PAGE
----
By Sophie Nadel, Writer’s Tips Editor
We can learn a lot from stories. For centuries, authors have been using the power of the pen to make the world a better place. Ever since you first could read, tales have been helping you to become a better person. From fairy tales to novels, we have been learning the ways of the world through the eyes of the protagonist. “The Golden Fish” taught us not to be selfish and instead be satisfied with what we have, “Beauty and the Beast” showed us not to judge a person by appearances, and “The Tortoise and the Hare” told us that slow and steady wins the race. With a little bit of practice, you will have the ability to inspire readers with words of wisdom stemming from the experiences of your characters. Here are some suggestions to successfully incorporate a moral into your story.
Choose the Moral First
Having a moral before you start writing will help to guide the plot. From the beginning, you should know what lesson your character is going to learn so that you can establish how he or she will learn it. Choose a theme that you are passionate about, maybe even a lesson that you yourself learned recently. That way, your emotions will fuel your characters and make them more believable to the reader. Your moral doesn’t need to be deep and philosophical—it can be as simple as “Remember to tie your shoe before jogging!”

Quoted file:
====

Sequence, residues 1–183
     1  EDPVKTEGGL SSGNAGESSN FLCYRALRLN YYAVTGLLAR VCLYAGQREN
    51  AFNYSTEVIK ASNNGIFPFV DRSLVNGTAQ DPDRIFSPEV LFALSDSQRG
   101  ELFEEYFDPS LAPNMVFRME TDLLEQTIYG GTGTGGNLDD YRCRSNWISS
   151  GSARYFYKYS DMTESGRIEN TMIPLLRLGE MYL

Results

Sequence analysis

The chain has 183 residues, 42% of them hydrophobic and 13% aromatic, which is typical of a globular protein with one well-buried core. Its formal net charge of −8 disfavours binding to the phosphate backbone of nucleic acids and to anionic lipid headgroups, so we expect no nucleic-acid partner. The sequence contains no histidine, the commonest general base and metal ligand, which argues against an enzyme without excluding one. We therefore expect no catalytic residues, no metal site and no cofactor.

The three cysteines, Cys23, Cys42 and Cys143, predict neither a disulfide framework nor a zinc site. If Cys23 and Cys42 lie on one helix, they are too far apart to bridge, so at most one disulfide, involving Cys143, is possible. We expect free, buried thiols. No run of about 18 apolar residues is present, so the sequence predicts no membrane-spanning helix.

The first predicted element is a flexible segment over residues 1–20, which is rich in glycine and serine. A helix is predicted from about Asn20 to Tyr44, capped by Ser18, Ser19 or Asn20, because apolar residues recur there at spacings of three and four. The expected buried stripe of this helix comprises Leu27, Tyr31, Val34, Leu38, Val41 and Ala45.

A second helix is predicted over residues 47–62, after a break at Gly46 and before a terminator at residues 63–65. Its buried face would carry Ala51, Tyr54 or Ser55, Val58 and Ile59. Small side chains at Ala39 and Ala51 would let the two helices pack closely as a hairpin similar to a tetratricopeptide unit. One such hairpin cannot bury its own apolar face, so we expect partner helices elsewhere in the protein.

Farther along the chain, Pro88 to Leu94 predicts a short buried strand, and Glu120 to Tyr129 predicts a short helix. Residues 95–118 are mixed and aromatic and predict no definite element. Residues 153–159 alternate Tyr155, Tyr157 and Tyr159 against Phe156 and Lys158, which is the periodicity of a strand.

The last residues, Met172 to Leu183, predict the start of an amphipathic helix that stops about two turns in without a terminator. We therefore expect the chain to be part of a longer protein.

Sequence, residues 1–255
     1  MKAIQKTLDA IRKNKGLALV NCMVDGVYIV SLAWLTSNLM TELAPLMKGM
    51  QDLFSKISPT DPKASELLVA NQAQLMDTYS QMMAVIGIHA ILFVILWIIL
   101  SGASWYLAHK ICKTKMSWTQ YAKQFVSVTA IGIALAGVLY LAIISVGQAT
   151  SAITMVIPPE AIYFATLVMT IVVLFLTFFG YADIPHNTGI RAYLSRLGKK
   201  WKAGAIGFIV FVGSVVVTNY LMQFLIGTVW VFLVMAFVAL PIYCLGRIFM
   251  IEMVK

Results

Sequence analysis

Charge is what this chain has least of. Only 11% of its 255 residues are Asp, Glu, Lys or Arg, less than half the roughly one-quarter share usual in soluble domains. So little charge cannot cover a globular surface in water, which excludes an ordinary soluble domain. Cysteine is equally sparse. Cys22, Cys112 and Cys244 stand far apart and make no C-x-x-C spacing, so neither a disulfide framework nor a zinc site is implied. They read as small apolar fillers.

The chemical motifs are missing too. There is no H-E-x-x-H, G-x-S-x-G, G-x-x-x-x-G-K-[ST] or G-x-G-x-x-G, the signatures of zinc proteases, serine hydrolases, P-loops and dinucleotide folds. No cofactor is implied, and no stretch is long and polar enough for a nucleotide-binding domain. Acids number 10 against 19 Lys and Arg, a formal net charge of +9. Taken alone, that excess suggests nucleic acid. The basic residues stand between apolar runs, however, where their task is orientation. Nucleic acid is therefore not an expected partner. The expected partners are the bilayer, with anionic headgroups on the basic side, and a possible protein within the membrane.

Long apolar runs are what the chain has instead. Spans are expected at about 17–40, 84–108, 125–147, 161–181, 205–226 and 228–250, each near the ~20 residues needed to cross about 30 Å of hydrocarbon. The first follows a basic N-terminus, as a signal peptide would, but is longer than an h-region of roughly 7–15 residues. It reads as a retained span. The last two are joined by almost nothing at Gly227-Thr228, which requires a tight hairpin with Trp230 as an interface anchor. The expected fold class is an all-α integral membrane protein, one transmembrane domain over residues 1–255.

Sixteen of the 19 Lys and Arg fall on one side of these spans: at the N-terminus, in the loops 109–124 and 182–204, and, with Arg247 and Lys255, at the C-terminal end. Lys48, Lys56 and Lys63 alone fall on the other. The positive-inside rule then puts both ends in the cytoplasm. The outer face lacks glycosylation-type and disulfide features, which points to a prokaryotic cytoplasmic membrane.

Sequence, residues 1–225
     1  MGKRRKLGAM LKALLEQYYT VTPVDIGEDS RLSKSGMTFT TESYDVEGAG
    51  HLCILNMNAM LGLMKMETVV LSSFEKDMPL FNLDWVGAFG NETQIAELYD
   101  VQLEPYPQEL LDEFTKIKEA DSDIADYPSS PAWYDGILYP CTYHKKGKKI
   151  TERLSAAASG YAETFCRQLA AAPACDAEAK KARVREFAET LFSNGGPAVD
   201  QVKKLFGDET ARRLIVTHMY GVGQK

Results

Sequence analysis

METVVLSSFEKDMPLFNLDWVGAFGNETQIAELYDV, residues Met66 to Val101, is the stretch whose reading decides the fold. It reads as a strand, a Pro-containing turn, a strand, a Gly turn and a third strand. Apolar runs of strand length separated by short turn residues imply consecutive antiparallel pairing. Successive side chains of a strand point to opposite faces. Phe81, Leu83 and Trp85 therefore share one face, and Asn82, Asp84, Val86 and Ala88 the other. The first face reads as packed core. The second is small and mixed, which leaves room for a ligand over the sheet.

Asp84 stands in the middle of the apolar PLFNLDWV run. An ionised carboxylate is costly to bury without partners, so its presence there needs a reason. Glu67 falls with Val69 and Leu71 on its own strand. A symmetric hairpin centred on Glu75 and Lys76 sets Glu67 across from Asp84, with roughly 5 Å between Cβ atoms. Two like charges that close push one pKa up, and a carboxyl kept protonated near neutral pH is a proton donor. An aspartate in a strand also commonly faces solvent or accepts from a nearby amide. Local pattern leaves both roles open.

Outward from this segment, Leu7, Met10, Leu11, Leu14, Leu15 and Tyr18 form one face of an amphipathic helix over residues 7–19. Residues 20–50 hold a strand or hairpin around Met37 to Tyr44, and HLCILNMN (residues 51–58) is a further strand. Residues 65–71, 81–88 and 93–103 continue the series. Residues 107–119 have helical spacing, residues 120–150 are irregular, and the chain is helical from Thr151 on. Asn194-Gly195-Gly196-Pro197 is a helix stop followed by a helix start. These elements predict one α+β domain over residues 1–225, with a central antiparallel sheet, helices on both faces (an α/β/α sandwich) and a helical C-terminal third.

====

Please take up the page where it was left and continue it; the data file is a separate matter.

Have the Character Learn a Lesson
One of the easiest ways to have a moral to a story is by teaching through the eyes of a character. If a character makes a mistake related to the moral, it allows the reader to learn from the mistake and therefore realize the theme you are trying to portray. When creating your character, think, “What negative personality traits can I give this character that will drive the conflict?” Thinking ahead when creating your character will make it easier for you to teach him or her the lesson.
Show; Don’t Tell
By the end of your story the message you intended to share with your readers should be obvious. You don’t have to be blunt when expressing the moral; in fact, outwardly stating the purpose of the story often lowers the quality. A good writing technique to use is “showing, not telling.” Instead of stating something plainly, describe it. For example, a “tell,” such as “Mary learned to never doubt her elders,” might not be quite as impactful as a sentence that “shows” the same theme, such as “With Old Man Thompson’s advice still ringing in her head, Mary tentatively discussed the issue with Barbara and found, to her surprise, that they were able to forgive each other quickly.”
Stories with morals are awesome to read and a great way to learn. Your readers will not only feel the satisfaction of a good plot but also feel fulfilled as your lesson seeps into their minds. Next time you want to write a story, consider something with a moral!